One in three consumers do not read energy bills
Consumers avoid examining information such as energy usage, or if the bill is based on an actual or estimated reading, meaning they run the risk of missing errors and getting into high amounts of credit or debt with suppliers.
The findings also reveal that, only 8 per cent of consumers use the information on their bill to compare prices or switch supplier – despite potentially being able to make significant savings by switching to a different tariff.
Elsewhere in the study, consumers were asked to list activities they considered more important than paying bills. 53 per cent nominated doing the washing up, 43 per cent going food shopping and 38 per cent doing the laundry.
Consumers aged 55+ read bills in the most detail, studying them to understand their usage – with 47 per cent doing so compared to the national average of 38 per cent. In contrast, 18-34s pay the least attention to their bills, with just 30 per cent reviewing them in detail.
There is also a gap in understanding energy bills among age groups. 18-34s are the most likely to call on help to understand their bills (49 per cent) and the least likely to have the confidence to provide others with advice (14 per cent).
The release of the study coincides with the launch of uSwitch’s ‘Compare, Switch, Save’ app, which includes QR (Quick Response) functionality. Following new Government rules, energy suppliers are now required to display QR codes on bills. Each code contains information about the customer’s current tariff, energy consumption, postcode and other information needed to easily search the market for the best deals.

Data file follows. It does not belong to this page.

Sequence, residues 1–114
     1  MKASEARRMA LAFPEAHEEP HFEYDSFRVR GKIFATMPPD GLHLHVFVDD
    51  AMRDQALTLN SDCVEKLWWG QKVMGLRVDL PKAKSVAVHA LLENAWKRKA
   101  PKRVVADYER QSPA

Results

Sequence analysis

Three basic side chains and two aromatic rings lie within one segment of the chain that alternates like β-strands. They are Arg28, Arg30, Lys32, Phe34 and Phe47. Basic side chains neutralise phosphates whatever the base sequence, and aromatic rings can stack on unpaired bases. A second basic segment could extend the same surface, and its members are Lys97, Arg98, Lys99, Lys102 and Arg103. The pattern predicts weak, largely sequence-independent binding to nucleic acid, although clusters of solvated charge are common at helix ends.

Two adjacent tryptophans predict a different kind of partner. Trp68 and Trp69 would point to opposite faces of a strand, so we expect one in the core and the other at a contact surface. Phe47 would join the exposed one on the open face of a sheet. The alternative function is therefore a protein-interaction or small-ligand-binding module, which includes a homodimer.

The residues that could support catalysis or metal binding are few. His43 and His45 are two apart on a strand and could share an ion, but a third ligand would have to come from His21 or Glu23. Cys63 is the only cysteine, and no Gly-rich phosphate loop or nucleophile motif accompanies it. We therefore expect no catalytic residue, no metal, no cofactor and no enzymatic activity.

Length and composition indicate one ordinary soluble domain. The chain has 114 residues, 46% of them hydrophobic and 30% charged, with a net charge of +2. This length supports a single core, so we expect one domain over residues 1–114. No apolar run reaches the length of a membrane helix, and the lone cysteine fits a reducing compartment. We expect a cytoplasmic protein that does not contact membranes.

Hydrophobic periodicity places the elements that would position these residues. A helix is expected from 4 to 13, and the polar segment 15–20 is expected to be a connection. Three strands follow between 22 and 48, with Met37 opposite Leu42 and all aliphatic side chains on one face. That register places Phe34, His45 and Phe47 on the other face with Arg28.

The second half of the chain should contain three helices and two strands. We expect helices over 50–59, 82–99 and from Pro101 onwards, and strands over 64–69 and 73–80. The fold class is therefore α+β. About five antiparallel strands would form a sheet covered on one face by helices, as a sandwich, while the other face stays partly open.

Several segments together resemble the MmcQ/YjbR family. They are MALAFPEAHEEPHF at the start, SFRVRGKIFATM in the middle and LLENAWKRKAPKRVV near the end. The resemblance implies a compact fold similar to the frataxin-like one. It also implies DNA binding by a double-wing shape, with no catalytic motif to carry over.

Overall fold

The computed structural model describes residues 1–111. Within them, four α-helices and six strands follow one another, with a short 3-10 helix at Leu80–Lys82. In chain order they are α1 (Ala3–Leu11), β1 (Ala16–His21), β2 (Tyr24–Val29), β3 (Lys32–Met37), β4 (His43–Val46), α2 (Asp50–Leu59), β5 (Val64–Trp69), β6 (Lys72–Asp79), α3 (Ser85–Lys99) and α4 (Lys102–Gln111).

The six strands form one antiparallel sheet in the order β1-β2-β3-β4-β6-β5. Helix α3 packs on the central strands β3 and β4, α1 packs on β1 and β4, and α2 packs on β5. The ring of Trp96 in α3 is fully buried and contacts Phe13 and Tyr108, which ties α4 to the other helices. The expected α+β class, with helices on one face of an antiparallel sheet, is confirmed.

Ann Robinson, director of consumer policy at uSwitch.com, said: “The number of people turning a blind eye to their bills is extremely concerning. There is a huge and very real risk that people are missing errors or racking up significant debt. Bills don’t always deliver bad news – those leaving bills unopened could find their provider actually owes them money. In fact, we recently found that 12m homes could reclaim over £1bn of credit from energy suppliers.
“Bills should be easy to understand and not create feelings of dread. People should feel empowered to take the cost of their energy bills into their own hands, and switch more regularly.”
Commenting, Lord Bourne, Parliamentary Under Secretary of State for the Department of Energy and Climate Change, said “The introduction of QR codes to bills will allow bill payers to compare energy deals more accurately and switch suppliers at the touch of a phone or tablet; it is great to see comparison sites like uSwitch embrace it.
“We will continue to work closely with energy suppliers and comparison websites to ensure the services they provide meet the needs of British bill payers, so they can get the best price that works for them.”